While Russia has historically and geographically close ties with Islam, the second most-practiced religion in its vast territories, the collapse of the USSR changed the terms of this relationship in significant ways. One key shift is the emergence of new immigration patterns between Russia and former Soviet states. Traversing distant lands from the peripheries of the Caucasus and Central Asia to mainland Russia in search of work, migrants have come to recognize each other as fellow Muslims dispersed in a theological geography on the ruins of the universal comradeship dreamed by the Soviet utopia. I propose to study the Islamic pedagogical practice of ibra in the context of sociohistorical dynamics of education and migration between Russia and Central Asia to further locate and analyze this shift in relation to current debates on post-Soviet subjectivity. By discussing the case of a spirit possession of a Tajik national performed in Russia, I argue that the collective participation in the session pedagogically invokes, ciphers, and extends the post-Soviet terrains of history as ibra, or exemplary passage of worldly events. To do so, I first locate the Quranic concept of ibra as a pedagogical paradigm in Islamic traditions as well as an ethnographic lens in the context of educational campaigns for the Muslims of Eurasia and then apply the concept to my analysis of the possession session in order to show that in the ritualistic incarnations of ghosts, or jinns, the civil war of Tajikistan and its continuing cycle of terror is ciphered into a desire for learning, as well as a focus on approximation to the divine.
In multiethnic societies, the consequences of the war on terror (WOT) for Muslim youth are still not well understood and the school's role remains to be defined. This article documents the parent-child transmission of understanding and emotional reaction to the WOT in South Asian Muslim families in Montreal, Canada. For this qualitative study, the researchers interviewed 20 families. Results indicated that the families' emotional reactions and communication about these events were interlinked with family patterns of identity assignation. The majority of parents avoided talking with their children about the WOT and felt that these issues should not be discussed at school. Most children shared their parents' feelings of helplessness and familial patterns of identity assignation. Parents reporting a greater sense of agency displayed less avoidance, had a more complex vision of self and other, and favored the school's role in helping children make sense of these events. These results suggest that school interventions in neighborhoods strained by international tensions should emphasize immigrant parents' empowerment and provide spaces where their children feel comfortable expressing their concerns.
To improve understanding of the attitudes, beliefs, and experiences of Muslim patients presenting for abortion.
Exploratory study in which participants completed questionnaires about their attitudes, beliefs, and experiences.
Two urban, free-standing abortion clinics.
Fifty-three self-identified Muslim patients presenting for abortion.
Women's background, beliefs, and attitudes toward their religion and toward abortion; levels of anxiety, depression, and guilt, scored on a scale of 0 to 10; and degree of pro-choice or antichoice attitude toward abortion, assessed by having respondents identify under which circumstances a woman should be able to have an abortion.
The 53 women in this study were a diverse group, aged 17 to 47 years, born in 17 different countries, with a range of beliefs and attitudes toward abortion. As found in previous studies, women who were less pro-choice (identified fewer acceptable reasons to have an abortion) had higher anxiety and guilt scores than more pro-choice women did: 6.9 versus 4.9 (P = .01) and 6.9 versus 3.6 (P = .004), respectively. Women who said they strongly agreed that abortion was against Islamic principles also had higher anxiety and guilt scores: 9.3 versus 5.9 (P = .03) and 9.5 versus 5.3 (P = .03), respectively.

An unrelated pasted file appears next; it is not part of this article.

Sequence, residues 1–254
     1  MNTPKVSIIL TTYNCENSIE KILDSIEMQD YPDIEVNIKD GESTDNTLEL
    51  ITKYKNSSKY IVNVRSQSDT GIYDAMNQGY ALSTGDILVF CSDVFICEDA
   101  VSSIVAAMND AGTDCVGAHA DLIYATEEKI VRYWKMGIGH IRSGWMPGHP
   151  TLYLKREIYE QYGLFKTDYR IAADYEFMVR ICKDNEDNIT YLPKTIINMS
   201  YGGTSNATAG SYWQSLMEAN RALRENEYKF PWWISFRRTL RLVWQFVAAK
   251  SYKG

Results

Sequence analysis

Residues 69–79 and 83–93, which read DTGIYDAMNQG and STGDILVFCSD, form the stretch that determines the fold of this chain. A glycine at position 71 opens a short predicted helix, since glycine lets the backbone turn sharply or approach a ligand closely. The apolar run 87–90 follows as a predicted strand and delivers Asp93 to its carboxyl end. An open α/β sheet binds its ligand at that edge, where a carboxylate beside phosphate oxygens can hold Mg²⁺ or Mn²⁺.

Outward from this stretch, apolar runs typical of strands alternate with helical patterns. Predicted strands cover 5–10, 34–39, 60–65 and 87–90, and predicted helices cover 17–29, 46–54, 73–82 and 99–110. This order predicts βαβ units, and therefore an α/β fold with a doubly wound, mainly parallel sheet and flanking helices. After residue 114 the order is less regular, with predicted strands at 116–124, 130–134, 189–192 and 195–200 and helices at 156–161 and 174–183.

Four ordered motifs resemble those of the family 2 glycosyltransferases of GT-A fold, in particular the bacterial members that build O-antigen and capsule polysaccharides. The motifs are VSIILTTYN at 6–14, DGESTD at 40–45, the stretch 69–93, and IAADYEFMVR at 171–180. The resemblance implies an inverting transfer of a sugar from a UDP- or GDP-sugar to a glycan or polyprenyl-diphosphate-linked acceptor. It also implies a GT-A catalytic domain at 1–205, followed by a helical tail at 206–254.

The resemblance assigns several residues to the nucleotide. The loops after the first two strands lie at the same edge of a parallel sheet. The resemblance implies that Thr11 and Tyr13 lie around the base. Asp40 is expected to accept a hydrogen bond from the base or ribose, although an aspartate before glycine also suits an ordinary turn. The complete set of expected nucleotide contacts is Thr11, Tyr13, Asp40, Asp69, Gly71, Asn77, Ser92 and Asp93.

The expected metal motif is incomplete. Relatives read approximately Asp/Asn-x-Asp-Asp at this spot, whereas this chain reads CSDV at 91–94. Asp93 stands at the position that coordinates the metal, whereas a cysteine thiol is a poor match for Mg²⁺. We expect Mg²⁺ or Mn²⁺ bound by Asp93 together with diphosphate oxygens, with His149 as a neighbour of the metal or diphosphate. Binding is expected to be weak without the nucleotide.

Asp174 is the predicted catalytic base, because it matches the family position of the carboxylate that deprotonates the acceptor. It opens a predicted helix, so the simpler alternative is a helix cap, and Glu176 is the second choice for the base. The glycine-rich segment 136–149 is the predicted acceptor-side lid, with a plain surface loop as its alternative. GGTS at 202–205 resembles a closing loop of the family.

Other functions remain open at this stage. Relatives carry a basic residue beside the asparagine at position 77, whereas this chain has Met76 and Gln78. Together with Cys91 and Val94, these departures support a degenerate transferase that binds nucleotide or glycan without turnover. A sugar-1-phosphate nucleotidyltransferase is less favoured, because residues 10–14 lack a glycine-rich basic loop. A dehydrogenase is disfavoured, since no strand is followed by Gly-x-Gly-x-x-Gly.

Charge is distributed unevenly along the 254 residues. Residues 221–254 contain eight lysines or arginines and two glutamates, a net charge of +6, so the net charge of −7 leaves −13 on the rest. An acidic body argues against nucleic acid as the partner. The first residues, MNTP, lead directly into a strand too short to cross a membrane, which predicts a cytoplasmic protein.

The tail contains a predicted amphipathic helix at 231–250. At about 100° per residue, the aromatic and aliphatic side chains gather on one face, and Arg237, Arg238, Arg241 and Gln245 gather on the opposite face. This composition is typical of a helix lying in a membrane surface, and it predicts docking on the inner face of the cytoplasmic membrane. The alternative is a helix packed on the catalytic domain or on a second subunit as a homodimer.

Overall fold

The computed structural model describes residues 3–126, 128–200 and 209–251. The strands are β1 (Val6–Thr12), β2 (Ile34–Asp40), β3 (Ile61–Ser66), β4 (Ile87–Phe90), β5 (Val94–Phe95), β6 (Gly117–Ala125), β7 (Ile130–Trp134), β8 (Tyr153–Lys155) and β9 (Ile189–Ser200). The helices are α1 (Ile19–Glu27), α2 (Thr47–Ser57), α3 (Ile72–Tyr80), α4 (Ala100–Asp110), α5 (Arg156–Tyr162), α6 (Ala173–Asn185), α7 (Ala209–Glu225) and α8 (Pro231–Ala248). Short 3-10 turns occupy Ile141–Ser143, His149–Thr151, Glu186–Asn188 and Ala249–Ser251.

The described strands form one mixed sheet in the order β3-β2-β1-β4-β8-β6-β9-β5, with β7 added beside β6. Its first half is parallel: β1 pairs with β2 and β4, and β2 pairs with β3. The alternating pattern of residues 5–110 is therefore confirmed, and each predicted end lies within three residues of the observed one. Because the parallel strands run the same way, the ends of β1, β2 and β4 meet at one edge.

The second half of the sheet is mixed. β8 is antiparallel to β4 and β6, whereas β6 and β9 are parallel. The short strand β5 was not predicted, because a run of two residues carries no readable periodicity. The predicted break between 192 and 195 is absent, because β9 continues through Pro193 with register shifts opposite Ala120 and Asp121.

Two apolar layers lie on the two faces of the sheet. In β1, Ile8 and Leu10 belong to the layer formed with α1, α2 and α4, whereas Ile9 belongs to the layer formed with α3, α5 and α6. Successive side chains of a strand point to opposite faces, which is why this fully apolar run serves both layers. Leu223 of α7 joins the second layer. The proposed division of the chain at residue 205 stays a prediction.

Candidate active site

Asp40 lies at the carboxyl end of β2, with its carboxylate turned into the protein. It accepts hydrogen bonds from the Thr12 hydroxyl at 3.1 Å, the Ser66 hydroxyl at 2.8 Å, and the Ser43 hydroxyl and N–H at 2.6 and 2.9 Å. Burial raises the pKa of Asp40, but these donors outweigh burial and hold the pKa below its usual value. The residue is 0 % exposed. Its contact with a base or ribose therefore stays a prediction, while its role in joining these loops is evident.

Canadian Muslim women presenting for abortion come from many countries and schools of Islam. The group of Muslim women that we surveyed was so diverse that no generalizations can be made about them. Their attitudes toward abortion ranged from being completely prochoice to believing abortion is wrong unless it is done to save a woman's life. Many said they found their religion to be a source of comfort as well as a source of guilt, turning to prayer and meditation to cope with their feelings about the abortion. It is important that physicians caring for Muslim women understand that their patients come from a variety of backgrounds and can have widely differing beliefs. It might be helpful to be aware that patients who hold more anti-choice beliefs are likely to experience more anxiety and guilt related to their abortion than prochoice patients do.
OBJECTIVE: To explore Muslim women's views of neonatal end-of-life-care in Sweden. METHODS: Interviews using a standardized questionnaire with open-ended questions about care before birth, directly after birth, and during and after the death of the infant. Content analysis was performed on the data. PARTICIPANTS: Eleven immigrant women of Muslim background living in Sweden. RESULTS: The categories identified were information both useful and threatening, priority of medical facts, maternal feelings, roles of significant others, predetermined lifetime, protection of the dying infant, staff's role, memories aggravate the grief, special tradition, life after death and belief in the future. CONCLUSIONS: The women provided suggestions for improvement of care including being given sufficient information of and the need for culturally sensitive care. In providing care for Muslim women it is imperative that care take into account the woman's religion and ethnicity as well as individual preferences.
We compared the evolution of perception of discrimination from 1998 to 2007 among recent Arab (Muslim and non-Muslim) and Haitian immigrants to Montreal; we also studied the association between perception of discrimination and psychological distress in 1998 and 2007.
We conducted this cross-sectional comparative research with 2 samples: one recruited in 1998 (n = 784) and the other in 2007 (n = 432). The samples were randomly extracted from the registry of the Ministry of Immigration and Cultural Communities of Quebec. Psychological distress was measured with the Hopkins Symptom Checklist-25.
The perception of discrimination increased from 1998 to 2007 among the Arab Muslim, Arab non-Muslim, and Haitian groups. Muslim Arabs experienced a significant increase in psychological distress associated with discrimination from 1998 to 2007.
These results confirm an increase in perception of discrimination and psychological distress among Arab Muslim recent immigrant communities after September 11, 2001, and highlight the importance this context may have for other immigrant groups.